Our efforts to reduce mass incarceration will require a deep exploration of why our country embarked on this aberrational experiment in the massive deprivation of liberty.
One of the missing ingredients in the current debate over mass incarceration is that we do not have an alternate vision for our future. We are so focused on the tactical challenges of coalition building, the hand-to-hand combat of legislative reform, and the concern about short-term victories that we do not take the time to say, simply: It need not be so.
What might be effective? For starters, consider the recent success of Proposition 47 in California, which reclassified criminal offenses, reallocated money from corrections budgets, and provided opportunities for people convicted of low-level felonies to have these felonies removed from their records.2 Many lessons can be drawn from this success. First, the campaign led with the voices of crime victims — everyday Californians who said that the current system did not deliver the justice they sought. Second, the campaign specified alternative investments of the money spent on prisons. Finally, because of California’s ballot initiative, the campaign was able to bypass the legislative process and directly reflect the will of the people.
Only a few states provide for sentencing reform by referendum. We need other ways to paint a different vision for the future, such as conducting community-level conversation that provides direct input into a new vision for justice.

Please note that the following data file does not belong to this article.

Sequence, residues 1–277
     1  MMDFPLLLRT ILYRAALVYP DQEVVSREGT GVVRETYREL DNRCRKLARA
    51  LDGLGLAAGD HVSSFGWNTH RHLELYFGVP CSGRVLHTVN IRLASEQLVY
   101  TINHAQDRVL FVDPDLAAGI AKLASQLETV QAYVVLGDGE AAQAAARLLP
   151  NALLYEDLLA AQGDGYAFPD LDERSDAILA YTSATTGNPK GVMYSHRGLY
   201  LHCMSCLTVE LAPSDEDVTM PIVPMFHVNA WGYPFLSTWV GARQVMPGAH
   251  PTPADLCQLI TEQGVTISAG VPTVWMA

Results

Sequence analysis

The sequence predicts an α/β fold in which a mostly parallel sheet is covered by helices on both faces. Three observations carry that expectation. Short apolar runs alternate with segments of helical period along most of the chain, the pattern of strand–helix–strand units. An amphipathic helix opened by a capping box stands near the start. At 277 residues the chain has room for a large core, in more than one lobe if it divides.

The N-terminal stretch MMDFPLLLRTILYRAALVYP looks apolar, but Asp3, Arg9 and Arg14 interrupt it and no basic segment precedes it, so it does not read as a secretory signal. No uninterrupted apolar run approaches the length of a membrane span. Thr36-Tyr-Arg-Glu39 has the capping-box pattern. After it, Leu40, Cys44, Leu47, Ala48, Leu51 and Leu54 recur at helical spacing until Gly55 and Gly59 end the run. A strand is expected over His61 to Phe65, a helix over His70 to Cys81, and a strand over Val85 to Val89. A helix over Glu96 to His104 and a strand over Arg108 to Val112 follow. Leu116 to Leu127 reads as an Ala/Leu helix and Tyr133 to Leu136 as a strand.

We can also compare our prison system with those of other countries. We Americans are notoriously parochial and frequently respond with excuses of American Exceptionalism. In our nation’s history, Europeans came to this country to learn about progressive sentencing and prison policies. Today, we need to repay that compliment by looking carefully at what we can learn from the prison systems of other countries.
Next, we have to break the Gordian knot of crime policy and prison policy. The prison build-up was only indirectly caused by crime increases, and high rates of incarceration yielded, at best, only modest benefits in terms of public safety. But every time we talk about reducing prison populations, that proposition is still cast in terms of public safety.
Research now shows us that we are only repeating a false premise if we couch a prison reduction strategy as possible only if crime does not go up.We need to develop other reasons for reducing the number of people in prison. To be credible, advocates for reductions in imprisonment need to have a position on public safety. It is the height of irony that we have so many people in prison precisely at a time when we have developed a very sophisticated portfolio of effective crime prevention strategies. We are now in a position to question the premise of mass incarceration itself and to ask: Why do we need to use prison so extensively to reduce crime? Why not put the intellectual energy and taxpayer resources into effective strategies?